Traditional tools and toys for creating spirals, such as Spirograph®,
use toothed gears, where
a smaller gear (the rotor) revolves inside a larger gear (the stator). The smaller gear contains a number of holes for inserting
the drawing implement.

Creating spirals with a stator and rotor results in designs like these:

It might be interesting to explore the designs that can be created if we could use three or more gears,
by turning the rotor into a combination rotor-stator that revolves inside the larger stator,
and contains another rotor. To do this in software, we can represent the gears with
jointed arms.
The length of the arms correspond to the distance between the centers of the rotor and the stator,
or the distance from the center of the rotor to the hole used for the drawing implement. Each arm rotates relative to its origin.

If we take away the gears and leave the arms, we can extend concept of the arms to create designs that would be impossible given the physical limits of nested gears. In particular:

- More than two arms can be used to make a design
- The lengths of the arms can be defined independently of other arms
- The rotation of the arms can be defined independently of the number of tooths in a gear
- Arms can rotate in any combination of clockwise and counterclockwise directions, whereas in physical gears, these must alternate
- Arm lengths and rotations can be defined as functions instead of constants (Very advanced, and not part of the demo below)

Spirals created using this techique are quite interesting. It's hard to visualize what the spiral will look like by just looking at the settings, before the spiral is drawn. While the spirals are intricate, they seem to maintain symmetry about at least one axis. At some point, the drawing arms always come back to their original position (sometimes within a slight margin of error).

You can use the application below to play with this method of creating spirals. Go ahead and change the values below, or click on images in the Gallery to draw some existing spirals.

If you create an interesting spiral, let me know and I'll add it to the Gallery! Send me the settings and an image of the spiral.

You are welcome to take your own screenshots of spirals you create with this application, and upload them to Flickr or Twitpic, or whatever you'd like. If you do, tag it with "advspiral" on Flickr, or #advspiral on Twitpic.

**Gallery:**(Click an image below, then click in the drawing canvas to draw the spiral you selected)

The six spirals below differ only in whether the changes in radians are positive or negative.

The six spirals below differ only in the length of their arms.

The following are some observations I have made about these spirals. For all of the Demonstrations below, click the word **Demo**,
then click inside the drawing canvas to draw the selected demo.

**Spirals with 2 Arms**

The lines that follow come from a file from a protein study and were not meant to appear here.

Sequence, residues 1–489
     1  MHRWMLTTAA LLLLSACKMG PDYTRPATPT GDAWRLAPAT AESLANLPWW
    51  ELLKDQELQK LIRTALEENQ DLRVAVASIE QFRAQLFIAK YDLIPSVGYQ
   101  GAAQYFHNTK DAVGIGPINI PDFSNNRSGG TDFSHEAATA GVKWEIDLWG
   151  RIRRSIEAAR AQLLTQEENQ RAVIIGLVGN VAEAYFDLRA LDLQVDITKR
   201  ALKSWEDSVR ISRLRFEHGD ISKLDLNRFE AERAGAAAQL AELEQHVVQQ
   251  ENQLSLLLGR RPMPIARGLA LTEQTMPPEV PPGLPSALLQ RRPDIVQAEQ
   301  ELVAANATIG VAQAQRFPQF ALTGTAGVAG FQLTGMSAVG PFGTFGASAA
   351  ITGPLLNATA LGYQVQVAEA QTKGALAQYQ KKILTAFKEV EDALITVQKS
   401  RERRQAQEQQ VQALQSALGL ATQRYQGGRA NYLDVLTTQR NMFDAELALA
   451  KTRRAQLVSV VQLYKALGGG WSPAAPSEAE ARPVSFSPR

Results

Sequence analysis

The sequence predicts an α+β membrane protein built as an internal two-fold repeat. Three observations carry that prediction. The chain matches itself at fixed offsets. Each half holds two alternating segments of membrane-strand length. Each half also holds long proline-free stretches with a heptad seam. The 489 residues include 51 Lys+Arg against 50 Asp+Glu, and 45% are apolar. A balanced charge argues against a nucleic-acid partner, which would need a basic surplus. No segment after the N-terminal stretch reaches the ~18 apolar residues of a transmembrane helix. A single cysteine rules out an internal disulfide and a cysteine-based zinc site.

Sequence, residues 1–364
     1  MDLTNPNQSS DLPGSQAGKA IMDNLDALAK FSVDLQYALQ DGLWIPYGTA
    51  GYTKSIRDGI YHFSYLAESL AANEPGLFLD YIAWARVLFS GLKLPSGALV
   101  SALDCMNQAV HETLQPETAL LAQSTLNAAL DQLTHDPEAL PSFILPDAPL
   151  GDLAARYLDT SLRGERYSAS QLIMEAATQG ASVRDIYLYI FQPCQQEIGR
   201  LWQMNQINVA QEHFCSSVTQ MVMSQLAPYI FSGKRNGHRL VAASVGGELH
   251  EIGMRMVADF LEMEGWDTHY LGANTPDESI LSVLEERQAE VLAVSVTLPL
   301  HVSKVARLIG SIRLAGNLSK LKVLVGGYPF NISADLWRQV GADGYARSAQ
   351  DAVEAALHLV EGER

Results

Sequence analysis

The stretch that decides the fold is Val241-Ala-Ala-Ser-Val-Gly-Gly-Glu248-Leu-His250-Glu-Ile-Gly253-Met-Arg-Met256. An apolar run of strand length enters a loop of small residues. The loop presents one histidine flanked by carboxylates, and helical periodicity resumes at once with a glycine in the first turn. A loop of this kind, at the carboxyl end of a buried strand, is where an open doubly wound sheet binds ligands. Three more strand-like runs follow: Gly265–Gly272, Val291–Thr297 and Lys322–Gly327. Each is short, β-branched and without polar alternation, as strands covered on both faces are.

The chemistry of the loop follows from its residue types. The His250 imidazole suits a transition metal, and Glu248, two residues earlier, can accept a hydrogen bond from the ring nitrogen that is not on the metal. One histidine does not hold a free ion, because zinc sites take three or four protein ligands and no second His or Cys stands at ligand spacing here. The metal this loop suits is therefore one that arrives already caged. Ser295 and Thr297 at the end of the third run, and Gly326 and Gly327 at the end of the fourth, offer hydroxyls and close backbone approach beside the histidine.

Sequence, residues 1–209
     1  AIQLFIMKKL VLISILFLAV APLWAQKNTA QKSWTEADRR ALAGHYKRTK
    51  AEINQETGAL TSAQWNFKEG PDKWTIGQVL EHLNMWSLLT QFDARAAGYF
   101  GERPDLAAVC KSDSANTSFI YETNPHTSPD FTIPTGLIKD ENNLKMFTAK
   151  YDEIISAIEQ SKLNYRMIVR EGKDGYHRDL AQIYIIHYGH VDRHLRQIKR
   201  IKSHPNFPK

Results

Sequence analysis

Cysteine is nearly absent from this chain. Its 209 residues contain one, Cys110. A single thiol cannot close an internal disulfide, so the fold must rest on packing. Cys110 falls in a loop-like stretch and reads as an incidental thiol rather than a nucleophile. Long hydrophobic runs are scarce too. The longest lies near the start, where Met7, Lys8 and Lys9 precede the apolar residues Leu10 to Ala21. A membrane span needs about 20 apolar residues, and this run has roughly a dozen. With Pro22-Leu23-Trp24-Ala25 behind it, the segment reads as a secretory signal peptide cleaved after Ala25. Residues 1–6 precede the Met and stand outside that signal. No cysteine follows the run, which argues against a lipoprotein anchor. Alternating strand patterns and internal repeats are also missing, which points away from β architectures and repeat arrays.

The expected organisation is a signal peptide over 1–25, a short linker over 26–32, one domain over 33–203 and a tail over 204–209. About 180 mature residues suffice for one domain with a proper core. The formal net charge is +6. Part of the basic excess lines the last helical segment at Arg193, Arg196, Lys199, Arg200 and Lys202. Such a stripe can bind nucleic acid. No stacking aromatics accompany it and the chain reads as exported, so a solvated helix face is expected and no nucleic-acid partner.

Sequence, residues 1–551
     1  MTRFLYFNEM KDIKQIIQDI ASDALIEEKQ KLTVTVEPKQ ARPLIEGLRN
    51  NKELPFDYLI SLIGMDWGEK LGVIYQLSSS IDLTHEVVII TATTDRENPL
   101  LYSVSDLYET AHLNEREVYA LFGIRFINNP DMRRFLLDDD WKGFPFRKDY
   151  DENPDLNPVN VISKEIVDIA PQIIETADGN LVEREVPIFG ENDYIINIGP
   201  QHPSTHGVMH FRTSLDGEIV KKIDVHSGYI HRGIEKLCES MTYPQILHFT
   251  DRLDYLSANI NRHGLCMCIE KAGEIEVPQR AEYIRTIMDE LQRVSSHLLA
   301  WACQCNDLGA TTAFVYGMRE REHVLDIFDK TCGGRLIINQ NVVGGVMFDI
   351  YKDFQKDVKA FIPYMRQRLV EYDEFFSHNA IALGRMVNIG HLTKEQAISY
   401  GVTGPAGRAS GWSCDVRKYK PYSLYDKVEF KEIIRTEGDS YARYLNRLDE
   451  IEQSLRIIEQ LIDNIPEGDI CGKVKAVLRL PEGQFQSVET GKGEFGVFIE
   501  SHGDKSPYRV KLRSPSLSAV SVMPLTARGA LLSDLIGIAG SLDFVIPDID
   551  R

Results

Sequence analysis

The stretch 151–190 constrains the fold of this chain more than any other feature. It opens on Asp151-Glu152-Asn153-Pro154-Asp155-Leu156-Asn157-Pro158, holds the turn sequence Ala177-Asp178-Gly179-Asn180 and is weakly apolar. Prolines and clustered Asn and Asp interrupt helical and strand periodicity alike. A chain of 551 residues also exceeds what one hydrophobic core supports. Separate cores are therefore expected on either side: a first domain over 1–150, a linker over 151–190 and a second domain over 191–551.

- In a simple 2-arm spiral (similar to those that can be created with spiral graph toys), the number of loops seen in the spiral is a function of the
ratio between the radians per step for each of the arms. In fact, it looks like the number of loops is equal to the sum of the numerator and denominator of
the reduced ratio.
Ratio # Loops Demo 2:1 3 3:1 4 4:1 5 5:1 6 6:1 7 Ratio # Loops Demo 3:2 5 4:2 3 5:2 7 6:2 8 7:2 9 Ratio # Loops Demo 4:3 7 5:3 8 6:3 3 7:3 10 8:3 11 - Inverse ratios produce shapes that have star-like ends instead of loops. Again, the number of star-like ends is equal to the sum of the numerator and denominator of the reduced ratio.
Ratio # Ends Demo 1:2 3 1:5 6 2:5 7 2:7 9 3:5 8 3:8 11 - The length of the arms also indicates whether the shape will be spiral or a star. Ratio for examples below is 4:1. Note that the Arm1=Arm2 and Arm1<Arm2 conditions are
impossible with physical spiral graph toys.
Condition Shape Demo Arm 1 > Arm 2 Spiral with loops Arm 1 = Arm 2 Loops meet at center point Arm 1 < Arm 2 Star with loopy ends - All of the spirals above assume a clockwise Arm1 and counterclockwise Arm2. If we break the laws of physics and make both arms move in the same direction (again,
impossible with physical spiral graph toys), the result is more similar to a cardioid (see also Wolfram Mathworld), where given a ratio of x:y, there
appear to be x-y (x minus y) loop-ends in the spiral.
Ratio + / - Demo 7:3 +, + 3:5 -, - 5:3 -, - 2:1 +, +

**Spirals with 3 Arms**

- Spirals with rotation ratios of x:y:x and, interestingly, x:y:-y (where '-' indicates a rotation aside from the clockwise-counterclockwise alternation) remain radially symmetric.
Ratio + / - Demo 2:1:2 +, -, + 3:1:1 +, -, - - In spirals with 3 arms, we start to see bilateral symmetry instead of radial symmetry.
- Spirals in a ratio of x:y:ay or x:y:ax, where 'a' is an integer, maintain the general shape of the 2-arm x:y spiral, with a little embellishment.
Ratio + / - Demo 2:1:3 +, -, + 2:1:10 +, -, + 2:1:10 +, -, -